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Number of pubs drops by 1,400 in Ireland

The decline represents two pubs closing every week


(Yui Mok/PA)

(Yui Mok/PA)

(Yui Mok/PA)

There were 1,477 fewer pubs in Ireland last year than there was in 2005 – a rate of two closures every week.

The drop of 17.1% in business across the country means there are 7,140 pubs nationwide – a decline from 8,617 in 2005, according to the Drinks Industry Group of Ireland (Digi).

Every county in Ireland has been impacted by the decline over the last 12 years, with Cork suffering the biggest loss with a drop of 25%.

Meanwhile, the number of off licences jumped by 11.8% since 2005.

Representing a shift in trend, the number of wine-only bars and restaurants rose by 3.1%.

The figures, based on an analysis of the liquor licence figures published by Revenue, show that rural counties saw the most significant drop in pubs, which serve as a major source of employment regionally.

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In 2005, there were 7,831 pubs in Ireland outside of Dublin. In 2017, that number dropped by 18.7% to 6,367.

Wexford, Meath and Dublin saw the smallest decline in publican’s licences. Wexford pubs dropped from 158 to 157 while Meath was down three pubs from 210 to 207.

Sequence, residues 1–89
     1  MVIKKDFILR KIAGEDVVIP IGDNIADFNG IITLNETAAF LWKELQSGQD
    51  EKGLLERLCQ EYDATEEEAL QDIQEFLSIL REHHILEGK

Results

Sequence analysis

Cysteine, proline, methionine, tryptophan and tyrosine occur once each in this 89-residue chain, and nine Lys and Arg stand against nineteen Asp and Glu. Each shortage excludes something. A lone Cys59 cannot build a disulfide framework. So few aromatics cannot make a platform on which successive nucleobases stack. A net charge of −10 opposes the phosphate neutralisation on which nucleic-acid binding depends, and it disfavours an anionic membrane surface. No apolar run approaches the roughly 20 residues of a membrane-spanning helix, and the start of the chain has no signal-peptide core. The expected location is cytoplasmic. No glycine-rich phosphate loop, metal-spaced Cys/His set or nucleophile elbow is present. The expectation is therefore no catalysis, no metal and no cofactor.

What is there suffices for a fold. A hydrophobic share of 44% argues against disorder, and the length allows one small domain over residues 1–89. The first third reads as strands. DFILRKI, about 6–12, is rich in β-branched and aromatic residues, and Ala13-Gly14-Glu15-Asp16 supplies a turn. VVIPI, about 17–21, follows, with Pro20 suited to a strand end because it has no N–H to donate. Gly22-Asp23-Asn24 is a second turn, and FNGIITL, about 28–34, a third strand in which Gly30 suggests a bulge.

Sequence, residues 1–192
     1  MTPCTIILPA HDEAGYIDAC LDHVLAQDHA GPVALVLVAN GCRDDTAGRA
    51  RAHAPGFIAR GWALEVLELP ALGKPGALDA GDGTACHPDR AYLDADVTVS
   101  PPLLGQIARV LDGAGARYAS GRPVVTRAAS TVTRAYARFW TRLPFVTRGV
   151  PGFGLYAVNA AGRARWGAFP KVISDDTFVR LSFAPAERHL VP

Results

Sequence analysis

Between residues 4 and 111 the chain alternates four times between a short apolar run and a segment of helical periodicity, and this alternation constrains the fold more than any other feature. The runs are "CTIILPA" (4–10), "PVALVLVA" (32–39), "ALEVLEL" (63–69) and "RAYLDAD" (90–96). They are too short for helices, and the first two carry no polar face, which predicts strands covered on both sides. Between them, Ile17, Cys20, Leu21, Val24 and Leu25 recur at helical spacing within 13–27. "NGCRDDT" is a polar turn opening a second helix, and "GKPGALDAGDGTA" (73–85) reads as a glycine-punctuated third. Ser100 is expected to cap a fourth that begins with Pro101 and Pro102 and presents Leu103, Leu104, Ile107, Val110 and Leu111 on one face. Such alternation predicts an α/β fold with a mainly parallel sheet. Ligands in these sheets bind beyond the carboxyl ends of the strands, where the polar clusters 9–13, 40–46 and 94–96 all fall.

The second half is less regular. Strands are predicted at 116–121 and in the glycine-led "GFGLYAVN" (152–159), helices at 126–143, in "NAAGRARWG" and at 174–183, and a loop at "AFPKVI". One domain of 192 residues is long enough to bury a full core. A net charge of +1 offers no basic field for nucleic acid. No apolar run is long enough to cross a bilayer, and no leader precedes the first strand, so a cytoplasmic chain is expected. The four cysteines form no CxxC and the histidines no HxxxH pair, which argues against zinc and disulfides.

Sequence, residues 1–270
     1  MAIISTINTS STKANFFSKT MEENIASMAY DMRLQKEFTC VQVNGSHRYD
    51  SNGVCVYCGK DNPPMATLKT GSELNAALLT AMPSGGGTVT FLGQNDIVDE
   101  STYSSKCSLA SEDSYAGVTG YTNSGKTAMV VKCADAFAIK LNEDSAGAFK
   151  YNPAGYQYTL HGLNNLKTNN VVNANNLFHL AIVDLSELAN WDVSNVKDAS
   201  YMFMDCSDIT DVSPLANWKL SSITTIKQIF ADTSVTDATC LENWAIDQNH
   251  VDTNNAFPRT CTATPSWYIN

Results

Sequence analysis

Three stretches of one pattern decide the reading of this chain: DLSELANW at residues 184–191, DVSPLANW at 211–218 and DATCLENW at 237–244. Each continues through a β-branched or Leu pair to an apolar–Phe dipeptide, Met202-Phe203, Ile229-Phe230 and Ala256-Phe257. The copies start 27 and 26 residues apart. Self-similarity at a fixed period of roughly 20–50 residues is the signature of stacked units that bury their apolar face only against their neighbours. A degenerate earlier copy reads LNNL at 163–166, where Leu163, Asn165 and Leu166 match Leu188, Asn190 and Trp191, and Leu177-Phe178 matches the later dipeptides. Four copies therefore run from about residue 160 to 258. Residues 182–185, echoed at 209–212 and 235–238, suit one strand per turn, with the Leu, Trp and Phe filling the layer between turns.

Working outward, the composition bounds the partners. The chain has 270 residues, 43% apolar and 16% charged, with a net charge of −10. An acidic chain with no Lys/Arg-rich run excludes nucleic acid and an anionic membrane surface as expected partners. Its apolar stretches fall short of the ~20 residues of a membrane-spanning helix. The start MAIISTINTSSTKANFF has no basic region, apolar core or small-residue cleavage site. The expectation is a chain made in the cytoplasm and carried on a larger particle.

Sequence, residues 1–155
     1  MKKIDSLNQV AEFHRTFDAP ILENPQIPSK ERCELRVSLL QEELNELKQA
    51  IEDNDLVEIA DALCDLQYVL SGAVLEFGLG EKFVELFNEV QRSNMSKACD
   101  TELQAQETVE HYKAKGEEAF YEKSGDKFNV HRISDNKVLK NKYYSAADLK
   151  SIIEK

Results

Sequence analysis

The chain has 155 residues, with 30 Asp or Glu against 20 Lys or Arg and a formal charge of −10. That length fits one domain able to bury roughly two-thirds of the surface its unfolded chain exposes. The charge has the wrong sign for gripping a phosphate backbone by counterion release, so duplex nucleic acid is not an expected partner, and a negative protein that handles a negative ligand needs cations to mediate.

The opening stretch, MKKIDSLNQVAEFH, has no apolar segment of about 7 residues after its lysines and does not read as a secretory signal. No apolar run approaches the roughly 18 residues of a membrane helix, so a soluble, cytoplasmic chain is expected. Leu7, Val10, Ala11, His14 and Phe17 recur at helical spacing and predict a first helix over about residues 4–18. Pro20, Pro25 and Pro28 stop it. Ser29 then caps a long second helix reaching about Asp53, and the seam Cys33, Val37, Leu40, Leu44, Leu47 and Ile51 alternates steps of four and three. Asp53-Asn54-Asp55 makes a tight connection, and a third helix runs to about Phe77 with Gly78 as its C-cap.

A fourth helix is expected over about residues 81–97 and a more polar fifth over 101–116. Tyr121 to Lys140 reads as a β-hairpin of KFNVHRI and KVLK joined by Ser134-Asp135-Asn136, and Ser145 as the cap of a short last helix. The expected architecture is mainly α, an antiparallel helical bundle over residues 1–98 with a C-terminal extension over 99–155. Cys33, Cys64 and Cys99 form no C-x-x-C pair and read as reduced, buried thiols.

In 2017, there were 773 pubs registered in Dublin city and county – down only 1.7% from 786 in 2005.

However, the number of Dublin pubs in 2017 is 4.7% higher than in 2012 – the lowest year for the number of pubs in Dublin.

Padraig Cribben, chief executive officer of Vintners’ Federation of Ireland said the reduction in the number of pubs is “worrying”.

“These pubs are small businesses, mainly in rural Ireland, that provide significant employment and continue to create jobs in local communities,” he said.

“In Mayo alone, hospitality and drinks businesses enable 4,095 jobs while in Donegal, there are 368 pubs and 7,445 jobs supported by the industry.

“This demonstrates the scale of employment that this sector creates rurally.

“However, the sharp decline in the number of pubs is worrying and is further evidence of the need to monitor the industry and ensure the necessary supports are in place to reverse this trend.

“While the Government committed to assist small rural businesses recover during the recession, business owners in the drinks industry were challenged by two increases in alcohol excise tax in Budget 2012 and Budget 2013.

“Our punitive alcohol excise tax – the second highest in the EU – slows the growth of these businesses and impacts their day-to-day operations and bottom line.”

Around 90,000 jobs across the country are dependent on the drinks industry alone. The industry purchases over €1.1bn of Irish produce annually, exports goods worth over €1.25bn, and provides over €2.3bn worth of excise and VAT income to the state.

Digi said it is calling on the Government to reduce the country’s high rate of excise tax.

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